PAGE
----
Mushroom Coral Care Guide
Mushroom corals, also known as disc corals or corallimorphs, are a type of soft coral that belong to the family Discosomatidae. They have a circular or semi-circular shape and come in a variety of colors, including green, purple, blue, and red. Some even have a metallic sheen or a fluorescent glow. Mushroom corals are relatively small, usually only growing to a diameter of 2-3 inches, although some species can grow larger.
In this guide we will cover everything from how to identify mushrooms, how to properly care for mushroom corals, and our top 5 mushroom corals for reef aquariums.
Mushroom Coral Taxonomy and Identification
Mushroom corals are classified under the phylum Cnidaria, which also includes other types of soft and hard corals, as well as jellyfish and anemones. Within the family Discosomatidae, there are several genera, including Discosoma, Rhodactis, and Ricordea.
To identify a mushroom coral, look for its circular or semi-circular shape and its fleshy, jelly-like texture. The coral's mouth is located in the center of the disc, surrounded by tentacles that it uses to capture food. The tentacles of mushroom corals are usually shorter than those of other types of corals, so they shouldn’t cause issues with neighboring corals.
Mushroom Coral Growth
Mushroom corals are relatively easy to grow and propagate, which makes them a popular choice for both beginner and experienced reefers. They can be propagated by cutting the coral in half with a sharp knife or scissors, and each half will grow into a new colony.
Mushroom corals grow best in low to moderate water flow, and they prefer to be placed on a flat surface, such as a rock or piece of coral rubble. They can adapt to a variety of lighting conditions, although they tend to do best under moderate to high lighting.
Mushroom corals reproduce sexually and asexually. During sexual reproduction, the coral releases eggs and sperm into the water, where they combine to form larvae that settle on the ocean floor and grow into new colonies. During asexual reproduction, the coral splits in half or buds off new polyps.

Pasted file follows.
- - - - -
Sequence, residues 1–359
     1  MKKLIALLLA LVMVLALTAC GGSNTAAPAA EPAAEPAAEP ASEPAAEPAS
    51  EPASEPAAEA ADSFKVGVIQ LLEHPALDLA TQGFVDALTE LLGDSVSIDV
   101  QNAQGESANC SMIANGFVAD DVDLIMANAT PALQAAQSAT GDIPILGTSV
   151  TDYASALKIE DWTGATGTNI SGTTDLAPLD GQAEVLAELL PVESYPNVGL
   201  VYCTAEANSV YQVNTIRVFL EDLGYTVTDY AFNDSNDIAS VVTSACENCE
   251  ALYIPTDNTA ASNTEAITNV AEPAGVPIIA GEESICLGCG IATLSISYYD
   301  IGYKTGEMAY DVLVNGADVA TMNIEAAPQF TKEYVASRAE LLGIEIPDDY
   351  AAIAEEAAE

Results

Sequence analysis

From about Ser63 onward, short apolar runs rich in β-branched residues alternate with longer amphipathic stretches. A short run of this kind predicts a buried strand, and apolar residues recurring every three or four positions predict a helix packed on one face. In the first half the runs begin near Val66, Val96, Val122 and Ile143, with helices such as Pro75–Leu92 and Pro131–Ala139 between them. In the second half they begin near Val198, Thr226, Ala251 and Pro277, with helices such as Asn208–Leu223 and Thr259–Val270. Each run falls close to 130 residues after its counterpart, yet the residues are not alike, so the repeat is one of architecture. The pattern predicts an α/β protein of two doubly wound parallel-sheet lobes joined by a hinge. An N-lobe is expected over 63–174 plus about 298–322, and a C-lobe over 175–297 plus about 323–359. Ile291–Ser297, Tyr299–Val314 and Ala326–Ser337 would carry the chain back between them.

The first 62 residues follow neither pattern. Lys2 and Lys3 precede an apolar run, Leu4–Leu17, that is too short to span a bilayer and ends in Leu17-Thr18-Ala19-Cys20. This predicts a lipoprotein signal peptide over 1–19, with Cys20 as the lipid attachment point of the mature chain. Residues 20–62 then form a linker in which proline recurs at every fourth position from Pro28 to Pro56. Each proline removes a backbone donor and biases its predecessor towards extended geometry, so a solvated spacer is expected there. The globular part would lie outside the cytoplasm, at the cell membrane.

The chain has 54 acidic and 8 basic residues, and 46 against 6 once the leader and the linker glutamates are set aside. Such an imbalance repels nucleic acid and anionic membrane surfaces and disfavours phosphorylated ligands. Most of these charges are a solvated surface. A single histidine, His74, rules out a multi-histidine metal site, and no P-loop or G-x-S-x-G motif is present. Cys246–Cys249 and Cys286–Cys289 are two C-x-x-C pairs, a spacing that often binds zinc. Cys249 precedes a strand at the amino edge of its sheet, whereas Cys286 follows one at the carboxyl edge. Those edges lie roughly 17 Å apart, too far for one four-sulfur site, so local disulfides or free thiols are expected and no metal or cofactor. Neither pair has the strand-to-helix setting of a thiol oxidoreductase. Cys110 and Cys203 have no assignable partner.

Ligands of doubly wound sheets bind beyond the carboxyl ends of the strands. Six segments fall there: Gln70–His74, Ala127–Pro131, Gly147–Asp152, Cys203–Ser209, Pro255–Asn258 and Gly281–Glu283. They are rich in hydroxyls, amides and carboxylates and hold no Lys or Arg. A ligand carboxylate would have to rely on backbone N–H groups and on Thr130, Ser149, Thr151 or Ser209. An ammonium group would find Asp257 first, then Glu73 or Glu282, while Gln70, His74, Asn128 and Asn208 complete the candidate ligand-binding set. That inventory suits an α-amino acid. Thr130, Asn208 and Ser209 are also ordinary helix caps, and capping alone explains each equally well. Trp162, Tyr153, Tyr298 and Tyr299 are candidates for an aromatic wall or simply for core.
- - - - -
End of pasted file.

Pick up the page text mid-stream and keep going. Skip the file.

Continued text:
Mushroom Corals Moving
Mushroom corals are known for their ability to move around the aquarium. They do this by inflating and deflating their coral tissues, which allows them to "walk" across the substrate. They may also move in response to changes in lighting, water flow, or water quality.
If you notice a mushroom coral moving around your aquarium, don't be alarmed. This is a normal behavior for these corals, and it usually indicates that they are healthy and happy in their environment. However, if you don't want the coral to move, you can anchor it to a piece of rock or coral rubble using a small piece of fishing line or aquarium glue.
Water Conditions & Parameters for Mushroom Corals
Mushroom corals are relatively hardy and can tolerate a wide range of water conditions. However, to ensure their optimal growth and health, it's important to maintain stable water parameters.
Water temperature should be kept between 75-80°F, and salinity should be between 1.023-1.025. pH should be between 8.1-8.4, and alkalinity should be between 8-12 dKH. Nitrate and phosphate levels should be kept as low as possible, ideally below 5 ppm and 0.03 ppm.
It's also important to perform regular water changes to remove any accumulated waste or toxins from the aquarium. A 10-20% water change every 1-2 weeks is recommended.